There are dozens of introductory textbooks in sociology in English and other languages. As most of them are written by American and European authors and as they primarily cater to the academic interests and needs of students in Western universities, their contents as well as illustrations are largely drawn from contemporary Western societies. Most if not all textbooks in the subject suffer from an unmistakable and pervasive Eurocentric bias.
This volume, which has been commissioned by the Institute of Objective Studies, New Delhi, seeks to provide a corrective to the Eurocentric underpinnings of Western sociology and offers suggestions for the formulation of a genuinely comparative science of society. It takes sufficient cognizance of the enormous diversity that characterizes human societies around the world. The empirical and historical data as well as illustrations that have been presented in the volume in order to elucidate sociological themes, issues and theories are drawn from a wide range of societies from Africa, Asia, Latin America, Europe, North America and Australia. However, Muslim societies are in the focus of the volume.
Sociological studies of contemporary Muslim societies carried out by American and European scholars are undoubtedly valuable for the wealth of ethnographic data. However, a grave limitation of much of the sociological writing on Muslim societies is that they overlook or understate the overarching unity of Muslim societies while overly concentrating on their indisputable diversity. In other words, Western sociologists who have studied Muslim societies generally fail to see the wood for the trees. This volume seeks to rectify this anomaly by highlighting the dynamic interface between diversity and unity in Muslim societies.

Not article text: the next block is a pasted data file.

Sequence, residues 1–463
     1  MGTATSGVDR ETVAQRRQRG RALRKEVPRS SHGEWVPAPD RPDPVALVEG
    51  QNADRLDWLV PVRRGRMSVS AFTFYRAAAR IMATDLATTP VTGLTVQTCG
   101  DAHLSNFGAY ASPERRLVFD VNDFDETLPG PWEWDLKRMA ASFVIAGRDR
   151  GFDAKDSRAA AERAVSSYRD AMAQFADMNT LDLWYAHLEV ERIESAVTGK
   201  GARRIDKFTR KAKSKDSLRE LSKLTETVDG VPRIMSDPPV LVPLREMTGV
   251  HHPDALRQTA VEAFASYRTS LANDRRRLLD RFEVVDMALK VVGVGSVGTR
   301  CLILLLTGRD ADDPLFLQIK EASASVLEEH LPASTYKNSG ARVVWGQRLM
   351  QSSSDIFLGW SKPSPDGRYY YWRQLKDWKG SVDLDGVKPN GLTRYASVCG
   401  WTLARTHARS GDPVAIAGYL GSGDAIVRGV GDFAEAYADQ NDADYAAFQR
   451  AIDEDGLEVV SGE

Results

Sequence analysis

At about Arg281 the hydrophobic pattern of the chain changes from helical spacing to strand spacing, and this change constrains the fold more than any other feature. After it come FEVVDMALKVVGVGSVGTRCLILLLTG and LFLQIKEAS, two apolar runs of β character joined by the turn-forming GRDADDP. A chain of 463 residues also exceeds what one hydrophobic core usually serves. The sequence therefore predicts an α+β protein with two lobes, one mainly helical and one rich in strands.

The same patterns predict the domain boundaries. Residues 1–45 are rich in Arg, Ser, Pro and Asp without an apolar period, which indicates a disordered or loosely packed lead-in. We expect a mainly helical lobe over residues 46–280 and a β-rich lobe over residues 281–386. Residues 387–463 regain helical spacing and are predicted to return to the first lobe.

There has been pervasive and deeply-entrenched undercurrent of hostility against Islam and Muslims in the Western intellectual tradition, which has seeped into the works of some prominent Western authors and writers, in the discourse of the social sciences and in the media. Much of the literature related to Islam and Muslims in the West is based on ignorance, prejudice, misconception and misrepresentation. There is a widely-held view in the West that Islam is the breeding ground for the growing aggression, fanaticism and intolerance in a large section of Muslims, that Muslim societies in the Middle East, North Africa, South Asia and elsewhere continue to be steeped in stagnation and backwardness and that Islam is inherently inimical to modernity and progress. The volume presents a substantial amount of empirical and historical evidence to refute such unfounded assumptions and pronouncements and to demonstrate that contemporary Muslim societies are significantly impacted by processes of change and transformation.
Some universities in Muslim countries have introduced sociology as a major component of graduate and postgraduate courses. This book has been written primarily for Muslim university students. However, it has a wider scope and it is hoped that sociology students in general, researchers and academics from other disciplines and the general reader will find it useful.
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2. Human Nature
6. Gender and Kinship
7. Population and Environment
8. Social Inequality and Stratification
9. Religion and Society
10. State, Nation and Nationalism
11. Modernity and Development
13. Sociology of Islam
14. Muslim Minorities
15. Health and Illness
16. Theory and Methodology